The Battleship NORTH CAROLINA is self-supporting, not tax supported and relies primarily upon admissions to tour the Ship, sales in the Ship's Store, donations and investments. No funds for its administration and operation come from appropriations from governmental entities at the local, state or federal levels. Located at the junction of Highways 17/74/76/421 on the Cape Fear River.   Visit or follow us on and for more information.

Warfighters discuss mission at WEPTAC

by Airman 1st Class Monet Villacorte
99th Air Base Wing Public Affairs

1/24/2013 - NELLIS AIR FORCE BASE, Nev. -- Approximately 670 warfighters from across the combat Air Force gathered during the Weapons and Tactics conference hosted by the U.S. Air Force Warfare Center to discuss ways to efficiently and effectively accomplish the Air Force's mission with the equipment they already have from Jan. 3-16.

WEPTAC is an annual two week conference held at Nellis Air Force Base, Nev., highlighting current and future weapons and tactical issues and provides solutions for the joint employment of forces.

"The first week [highlighted] tactical challenges," said H.A. Hamilton, WEPTAC conference coordinator. "While the second week [focused] on the tactics review board."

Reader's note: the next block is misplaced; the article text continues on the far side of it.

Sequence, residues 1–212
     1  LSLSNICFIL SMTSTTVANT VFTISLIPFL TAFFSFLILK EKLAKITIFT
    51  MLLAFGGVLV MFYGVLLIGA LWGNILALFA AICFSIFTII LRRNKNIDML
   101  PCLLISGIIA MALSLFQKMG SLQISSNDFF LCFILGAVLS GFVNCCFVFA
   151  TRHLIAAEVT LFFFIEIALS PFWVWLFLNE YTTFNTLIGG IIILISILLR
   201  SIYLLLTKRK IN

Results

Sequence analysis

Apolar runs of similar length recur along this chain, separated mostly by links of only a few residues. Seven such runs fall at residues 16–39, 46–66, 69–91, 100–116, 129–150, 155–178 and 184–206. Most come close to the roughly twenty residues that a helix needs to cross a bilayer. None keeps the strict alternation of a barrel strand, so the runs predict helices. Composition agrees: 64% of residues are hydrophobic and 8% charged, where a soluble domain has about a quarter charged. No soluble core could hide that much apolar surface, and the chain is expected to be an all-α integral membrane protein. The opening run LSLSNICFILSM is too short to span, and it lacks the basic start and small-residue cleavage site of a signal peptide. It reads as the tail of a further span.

The tactical review board aims to examine the component-numbered Air Force tactics, techniques and procedures.

Air Force Chief of Staff Gen. Mark A. Welsh III delivered the keynote address Jan. 15. During his address, Welsh talked about the Air Force's mission and the role Airmen play in achieving mission success.

"It's a real world with real world threats," Welsh said. "How do we take care of it? We take care of it by training right now."

He also emphasized the importance of principles like leadership, teamwork, respect and professional development to Airmen.

"I need people who want to be the best person they can be, first, than being the best officer or Airman," he said.

With the ever changing nature of the Air Force, it is important for Airmen to be involved and be knowledgeable about where the Air Force is heading in the future.